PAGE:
The present invention may also be used, comprising the steps of positioning the each of the first and the second solar reflectors into the opened position; positioning the apparatus on a tilt plane perpendicular to direct sun rays; heating the inner tube of the solar collection element to a desirable temperature; placing a cookable substance upon the cooking surface of the cooking implement; inserting the cookable substance upon the cooking implement into the inner tube; cooking the cookable substance for a predetermined amount of time; and removing the cooking implement. In one embodiment of the present invention the user open a solar cooking apparatus for heating, insert a cooking implement into the inner tube of an opened and heating solar collection apparatus, which cradles the food to be prepared by the solar cooking apparatus.
 Other objects and advantages will become apparent from reading the following detailed description of the invention in which reference is made to the accompanying drawings.
BRIEF DESCRIPTION OF THE DRAWINGS
 FIG. 2 is a top view of a solar cooking apparatus in an opened position;
 FIG. 3A is a perspective view of a solar cooking apparatus in a closed position, without a stand;
 FIG. 3B is an end view of a solar cooking apparatus in an opened position, without a stand;
 FIG. 3C is an end view of a solar cooking apparatus in a closed position, without a stand;
 FIG. 4 is a side view of a solar cooking apparatus showing a cooking implement, brackets, and legs;
 FIG. 5A is a perspective view of a solar cooking apparatus in an opened position showing it attached to a tripod stand;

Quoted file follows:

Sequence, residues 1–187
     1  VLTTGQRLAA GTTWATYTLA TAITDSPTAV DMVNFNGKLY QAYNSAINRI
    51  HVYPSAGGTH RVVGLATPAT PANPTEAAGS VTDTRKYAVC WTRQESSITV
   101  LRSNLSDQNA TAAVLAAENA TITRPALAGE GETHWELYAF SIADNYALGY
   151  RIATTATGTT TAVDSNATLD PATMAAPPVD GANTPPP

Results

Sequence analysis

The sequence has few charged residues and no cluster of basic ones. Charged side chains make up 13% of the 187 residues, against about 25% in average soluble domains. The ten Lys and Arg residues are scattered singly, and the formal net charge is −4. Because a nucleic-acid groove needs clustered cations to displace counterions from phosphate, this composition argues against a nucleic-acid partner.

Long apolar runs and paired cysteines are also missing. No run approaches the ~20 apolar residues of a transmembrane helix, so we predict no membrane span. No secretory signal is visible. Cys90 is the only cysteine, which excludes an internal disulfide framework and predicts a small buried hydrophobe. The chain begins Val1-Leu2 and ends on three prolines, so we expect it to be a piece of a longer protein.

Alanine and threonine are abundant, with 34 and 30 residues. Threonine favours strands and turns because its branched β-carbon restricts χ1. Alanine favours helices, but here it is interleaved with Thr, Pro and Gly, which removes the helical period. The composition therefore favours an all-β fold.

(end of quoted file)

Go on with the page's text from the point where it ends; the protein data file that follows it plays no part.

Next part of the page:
FIG. 5B is a perspective view of a cooking implement along with cleaning tool;
 FIG. 6A is an end view of a solar cooking apparatus in an opened position showing a horizontal stand with the sun's rays coming from directly above
 FIG. 6B is the solar cooking apparatus of 6A showing the sun's rays at 45 degrees above the horizon, showing arrange of motion relative to the vertical;
 FIG. 7A is a side view of a solar cooking apparatus showing a vertical stand showing the sun's rays from a more vertical position
 FIG. 7B is the solar cooking apparatus of 7A showing the sun's rays from a lower angle showing a range of motion relative to the horizontal;
 FIG. 8A is a front end view of a solar cooking apparatus showing a vertical stand and a base frame;
 FIG. 8B is a bottom view of a solar cooking apparatus showing a vertical stand and a base frame;
 FIG. 9 is a perspective view of a solar cooking apparatus in an open position on a horizontal plane, which also shows a stand and partially loaded cooking implement;
 FIG. 10A is a perspective view of a cooking implement;
 FIG. 10B is an end view of a cooking implement;
 FIG. 10C is a perspective view of a cleaning implement;
 FIG. 10D is a perspective view of a mesh cooking implement;
 FIG. 11A is an end view of an opened solar cooking apparatus on a stand in an open position;
 FIG. 11B is an end view of a closed solar cooking apparatus with the stand in a closed position;
 FIG. 11C is a side view of a closed solar cooking apparatus with the stand in a closed position;
 FIG. 11D is a perspective view of a closed solar cooking apparatus with the stand in a closed position;
 FIG. 12A is a perspective view of a skewer cooking implement;
 FIG. 12B is a side view of a French Press plunger;
 FIG. 12C is a perspective view of a wire mesh cooking implement;
 FIG. 12D is an end view of a vaporizer;
 FIG. 12E is a side view of a vaporizer;
 FIG. 12 F is a side view of a temperature gauge;
 FIG. 12G is a side view of a closed cylinder implement;
 FIG. 12H is a side view of a grease collection cup;
 FIG. 12I is a side view of a liquid tight cap;
 FIG. 12J is a side view of a bent rod cooking implement;
 FIG. 13A is an end view of a solar cooking apparatus in a multiplex arrangement in a closed position with a plurality of solar collection elements;
 FIG. 13B is an end view of a solar cooking apparatus in a multiplex arrangement in a closed position;
 FIG. 14A is an end view of a solar cooking apparatus in a multiplex arrangement in an open position with two solar collection elements stacked among a set of two reflectors;
 FIG. 14B is an end view of a solar cooking apparatus in a multiplex arrangement in an open position with two solar collection elements;
 FIG. 15B is an end view of a solar cooking apparatus in a multiplex arrangement in an open position with three solar collection elements;